Student EMC Hardware Design Competition
The EMC Society would like to invite students currently enrolled in a college or university at either the graduate or undergraduate level to submit a hardware design that demonstrates clear and convincing understanding of a fundamental electromagnetic interference (EMI) or signal/power integrity (SIPI) control methodology or technique. Examples of possible hardware design topics are provided at the end of this description.
Students may enter as individuals or as teams comprised entirely of students. It is expected that all students will be reporting to a faculty member/professor. Individual or team entries are limited to one team per faculty member/professor. The faculty member/professor advising the students must submit a letter or email verifying the submitted design is the original work of the students.
Proposals should include a description of the demonstration to be performed with sufficient detail to convey a technical understanding to the chairs of the EMC or SIPI topic to be demonstrated. Entrants are required to submit a brief video recording of approximately 5 minutes that demonstrates a functional design together with any/all measurement activities illustrating the fundamental EMI or SIPI control methodology or technique embodied in the design.
A written report is not required, but may be submitted, that describes how the design conveys a clear and convincing understanding of the fundamental EMI or SIPI control methodology or technique embodied in the design.
All submittals will be judged by a team comprising several EMC Society Education Committee members based on technical design, creativity, and educational merit/value.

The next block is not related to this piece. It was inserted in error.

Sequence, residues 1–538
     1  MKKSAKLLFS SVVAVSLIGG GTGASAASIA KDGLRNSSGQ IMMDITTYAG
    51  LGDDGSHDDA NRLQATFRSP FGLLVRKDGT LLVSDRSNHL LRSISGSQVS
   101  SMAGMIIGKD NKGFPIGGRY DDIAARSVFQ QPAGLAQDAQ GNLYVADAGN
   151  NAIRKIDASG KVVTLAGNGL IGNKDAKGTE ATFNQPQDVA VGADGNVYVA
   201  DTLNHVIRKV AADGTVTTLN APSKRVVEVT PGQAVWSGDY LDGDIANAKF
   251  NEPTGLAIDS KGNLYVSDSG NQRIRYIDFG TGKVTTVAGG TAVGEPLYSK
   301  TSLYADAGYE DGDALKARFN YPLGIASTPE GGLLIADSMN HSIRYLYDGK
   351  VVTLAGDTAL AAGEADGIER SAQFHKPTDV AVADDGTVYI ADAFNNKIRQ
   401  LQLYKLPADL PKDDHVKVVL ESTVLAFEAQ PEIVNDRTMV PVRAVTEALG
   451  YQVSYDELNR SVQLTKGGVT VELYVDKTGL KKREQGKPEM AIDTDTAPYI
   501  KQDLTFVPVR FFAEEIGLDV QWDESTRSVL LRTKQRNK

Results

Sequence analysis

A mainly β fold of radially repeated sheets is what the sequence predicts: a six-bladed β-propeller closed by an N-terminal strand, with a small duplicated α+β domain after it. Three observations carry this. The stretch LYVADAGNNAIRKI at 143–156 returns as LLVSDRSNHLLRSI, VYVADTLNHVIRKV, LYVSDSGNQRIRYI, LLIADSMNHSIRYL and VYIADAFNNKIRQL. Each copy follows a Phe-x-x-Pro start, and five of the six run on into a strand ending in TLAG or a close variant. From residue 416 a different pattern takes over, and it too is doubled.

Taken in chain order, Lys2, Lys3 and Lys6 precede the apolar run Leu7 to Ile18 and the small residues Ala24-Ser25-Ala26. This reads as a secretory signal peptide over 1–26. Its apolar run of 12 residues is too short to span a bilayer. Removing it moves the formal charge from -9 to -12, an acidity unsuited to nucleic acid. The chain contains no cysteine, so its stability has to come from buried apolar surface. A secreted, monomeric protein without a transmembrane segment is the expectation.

Submittals are due NLT 11:59 PM Central Time, 15 April 2021. Acceptance notification will be sent out no later than 30 April 2021.
The winning entry will receive a prize of $900 (USD). The second-place team will receive a prize of $500 (USD). Award recipients will need to complete the appropriate US Department of the Treasury Internal Revenue Service forms as required by the IEEE. Travel stipend recipients will need to complete an expense account report for reimbursement.
Please contact us with any questions:
Bob Scully: email@example.com
Bogdan Adamczyk: firstname.lastname@example.org
A partial list of potential hardware topics includes:
- Application of magnetic pickup loops and current probes
- Transmission-line effects on PCBs
- Coupling and multi-conductor transmission lines
- Use of ferrites for EMI control
- Measurement versus calculation of signal spectra
- Minimizing magnetic field susceptibility
- Measurement and control of EMI in spread spectrum systems
- Measurement of common versus differential mode coupling
- Proper application of LISNs
- Electrostatic discharge phenomena
- Effects of clock frequencies
- Mode stirring
- Electromagnetic leakage through seams and joints
- Electromagnetic product safety
- Signal integrity issues for PCBs
- EMC filters
- Decoupling strategies
- CM in differential signaling
- Non-ideal behavior of components
- SMPS snubber design and effectiveness
- Shielding effectiveness
- Common-impedance coupling
Note: Student groups are expected to complete the project largely on their own. Advisors should limit their help to answering basic EMC questions from the students once the project has begun. For example, it is perfectly acceptable to answer a basic question about the importance of controlling the current return path. Suggesting how components might be placed in the contest design problem to better control the current return path, however, might give an unfair advantage. A design review by an advisor or someone outside the group would certainly go too far.